Barbara Crossette, United Nations bureau chief for The New York Times and author of three well-received books on South Asia, addressed a Middle East Briefing on January 12, 2000.
The General Assembly
The record of the General Assembly (GA) toward the Middle East, particularly its relationship vis-à-vis Israel, has been highly biased. The GA's are characterized by a unified opposition to Israel; the Soviet bloc was instrumental to this when it existed, and it is still a keystone of the so-called nonaligned movement (currently known as the G-77). Arab states seem to have a disproportionate voice in setting the agenda at the GA and have often used the latter as a platform to push forward pro-forma anti-Israel resolutions. On a more positive note, some of the larger nonaligned countries, such as India and Indonesia, have improved or are seeking to improve their relations with Israel.
The classification of geographic groups by continent within the U.N. also presents a problem. "Asia" as a regional group reflects, not a useful working category, but an outdated Orientalist concept encompassing a vast region from Lebanon to Japan. This oddity of classification constitutes an abiding problem and illustrates the urgent need for institutional reforms at the U.N.
This classification has two implications for the Middle East. First, it does not recognize the Middle East as a region but splits the Arab countries between Africa and Asia. This means, for example, that the U.N. Security Council (UNSC) currently lacks an Arab Middle Eastern representative. Bangladesh and Malaysia are holding the Asian seats; and although Tunisia is one of the two states representing Africa, it must represent Africa, not the Middle East, despite its much deeper cultural affiliation to the Middle East.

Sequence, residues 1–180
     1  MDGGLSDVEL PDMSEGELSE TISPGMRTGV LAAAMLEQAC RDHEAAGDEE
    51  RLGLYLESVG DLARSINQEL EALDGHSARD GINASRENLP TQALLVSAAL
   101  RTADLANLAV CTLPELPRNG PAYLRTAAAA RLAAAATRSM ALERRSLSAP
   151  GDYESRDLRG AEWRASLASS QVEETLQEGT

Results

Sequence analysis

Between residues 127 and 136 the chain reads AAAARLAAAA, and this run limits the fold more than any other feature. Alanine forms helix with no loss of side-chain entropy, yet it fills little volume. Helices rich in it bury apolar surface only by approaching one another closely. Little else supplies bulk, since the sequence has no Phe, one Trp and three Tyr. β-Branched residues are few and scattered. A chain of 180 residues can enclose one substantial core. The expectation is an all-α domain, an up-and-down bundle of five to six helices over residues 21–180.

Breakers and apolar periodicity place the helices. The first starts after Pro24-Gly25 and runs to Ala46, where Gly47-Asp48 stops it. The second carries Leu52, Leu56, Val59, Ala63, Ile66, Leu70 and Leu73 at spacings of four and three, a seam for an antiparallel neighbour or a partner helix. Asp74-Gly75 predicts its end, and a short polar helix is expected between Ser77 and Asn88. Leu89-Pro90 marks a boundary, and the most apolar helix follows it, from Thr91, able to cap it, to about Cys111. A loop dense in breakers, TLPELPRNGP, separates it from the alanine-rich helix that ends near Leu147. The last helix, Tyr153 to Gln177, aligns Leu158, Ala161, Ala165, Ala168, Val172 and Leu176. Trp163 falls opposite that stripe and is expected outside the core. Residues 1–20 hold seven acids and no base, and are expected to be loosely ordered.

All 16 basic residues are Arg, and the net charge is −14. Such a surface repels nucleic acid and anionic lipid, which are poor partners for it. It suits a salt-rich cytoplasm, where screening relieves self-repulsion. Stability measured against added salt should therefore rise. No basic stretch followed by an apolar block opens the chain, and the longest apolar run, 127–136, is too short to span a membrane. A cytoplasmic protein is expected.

Second, this unfortunate system of apportionment leaves Israel as an orphan. Differing excuses have been voiced for why Israel has not been welcomed as a member of any regional group at the U.N. Arab states will argue that Israel would become part of the Asian group once a final settlement of all outstanding issues between Israel and its Arab neighbors is reached. Israel would rather become a member of the "Western Europe and Others Group" (WEOG), which includes not just western Europe but also such diverse countries as the United States and Australia. Yet it has been thwarted from membership in WEOG by European countries that say it is part of the Middle East - which makes no sense if New Zealand is part of WEOG.
The current secretary-general of the U.N., Kofi Annan, is much less vexed and troubled over Middle Eastern issues than was his predecessor, Boutros Boutros-Ghali (an Egyptian with long experience in the region). Annan is willing to upset both sides in the Arab-Israeli conflict. He views the Middle East as an important region and, to the extent he can, he tries to view it from various points of the spectrum.
In 1999, he appointed the Norwegian diplomat Terje Larsen as the U.N.'s envoy to the Middle East. Larsen, nominally a humanitarian envoy of the secretary-general, is certainly not apolitical, given his background in arranging the secret Oslo meetings between Israel and the Palestine Liberation Organization. His return to known territory has drawn criticism from Israel, albeit muted and not across the board.